Prebiotics: What Are They And Why Should You Care?

what are prebiotics


You’ve probably heard about probiotics – the friendly bacteria that you can get in yogurt or  an over-the-counter supplement. However, what isn’t as popular in the mainstream are prebiotics, the food that probiotics actually need to thrive.

If you want to improve your digestion – whether it’s to feel less bloated or relieve constipation – it’s important to understand that prebiotics and probiotics go hand in hand, and both of them should be incorporated into your diet.

What are prebiotics?

Prebiotics are a form of fibre that act as a fertilizer for probiotics – they nourish, protect and help probiotics grow in the gut. You can find them naturally in whole foods, or as an added ingredient in supplements and packaged foods.

Of course, the optimal way to increase your intake is through your diet.

Some common forms of prebiotics are:
  • Bran
  • Psyllium husk
  • Resistant starch
  • Inulin
  • Oligosaccharides

Exciting list, right?

Fortunately, you don’t need to eat All-Bran cereal every morning or add scoops of psyllium husk to your smoothie. There’s plenty of delicious whole foods that contain prebiotics in the resistant starch and inulin categories listed above.

prebiotic food list

Try to incorporate one or two of these foods into your diet each day – you should notice the benefit within a few weeks.

However, keep in mind that if you’re not used to eating so much plant-based fibre, your body will take a bit of time to adjust and might feel gassier initially. To ease your body into eating more prebiotics, eat these foods in small quantities and keep drinking plenty of water throughout the day as well.

Resistant starch

Most carbohydrates contain starch, but some of them are resistant to digestion. Hence the term, resistant starch. Research shows that resistant starch can decrease fat storage, help balance blood sugar, lower bad cholesterol and increase satiety. [1]

Unfortunately, heating or cooking these foods destroys most of the resistant starch. But, you can ‘recapture’ the resistant starch by allowing the foods to cool after cooking.

Foods containing resistant starch include: 

  • Oats (make overnight oats)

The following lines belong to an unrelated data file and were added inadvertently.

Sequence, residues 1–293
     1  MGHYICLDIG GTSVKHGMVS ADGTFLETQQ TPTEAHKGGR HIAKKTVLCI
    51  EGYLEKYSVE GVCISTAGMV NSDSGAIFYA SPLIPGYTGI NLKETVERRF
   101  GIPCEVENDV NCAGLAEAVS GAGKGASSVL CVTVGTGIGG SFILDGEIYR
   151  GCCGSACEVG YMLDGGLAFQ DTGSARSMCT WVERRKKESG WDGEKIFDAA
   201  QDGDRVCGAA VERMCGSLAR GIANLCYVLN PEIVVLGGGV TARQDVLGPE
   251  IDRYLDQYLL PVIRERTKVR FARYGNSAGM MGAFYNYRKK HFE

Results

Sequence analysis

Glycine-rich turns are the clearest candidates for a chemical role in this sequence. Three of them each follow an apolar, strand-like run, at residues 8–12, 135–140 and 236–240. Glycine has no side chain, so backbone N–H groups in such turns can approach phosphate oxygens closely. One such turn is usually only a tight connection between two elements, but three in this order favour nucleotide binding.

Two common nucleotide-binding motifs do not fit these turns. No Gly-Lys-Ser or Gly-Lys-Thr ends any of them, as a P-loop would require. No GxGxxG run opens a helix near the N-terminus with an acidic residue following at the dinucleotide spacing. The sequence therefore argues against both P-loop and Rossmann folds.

• Brown rice
  • Whole grains e.g. quinoa, millet
  • Beans
  • Lentils
  • Green bananas
  • Potatoes

This is a soluble fibre that absorbs water and takes up quite a bit of room when eaten – a good thing, since it makes you feel full and also helps stool form more easily.

Foods containing inulin include: 

  • Chicory root and dandelion root
    • Both of these are very high in inulin, but let’s be real, I don’t know how many people will eat them in their whole form. A fantastic, realistic way to consume both dandelion and chicory is Dandy Blend, a drink that may people have as a coffee substitute in the morning.
  • Asparagus
  • Leeks
  • Onions
  • Bananas
  • Plantains
  • Garlic
  • Artichokes
  • Yams
  • Jicama

Prebiotics and fodmaps

If the list of foods above make you extremely gassy, or give you cramps, you might be sensitive to FODMAPS. Unfortunately, some people tend to struggle with prebiotic foods such as beans, legumes, onions, and garlic, or even the addition of prebiotic ingredients to supplements, such as inulin or FOS.

If that sounds like you, read this article to learn more.

About Alina

I'm a Holistic Nutritionist based in Toronto, Canada and my official title is Certified Nutritional Practitioner (CNP). I received my diploma in Applied Holistic Nutrition from the Institute of Holistic Nutrition. I'm a coach and an educator. Follow Alina on Facebook, Twitter, Pinterest and Instagram for all of the latest updates.
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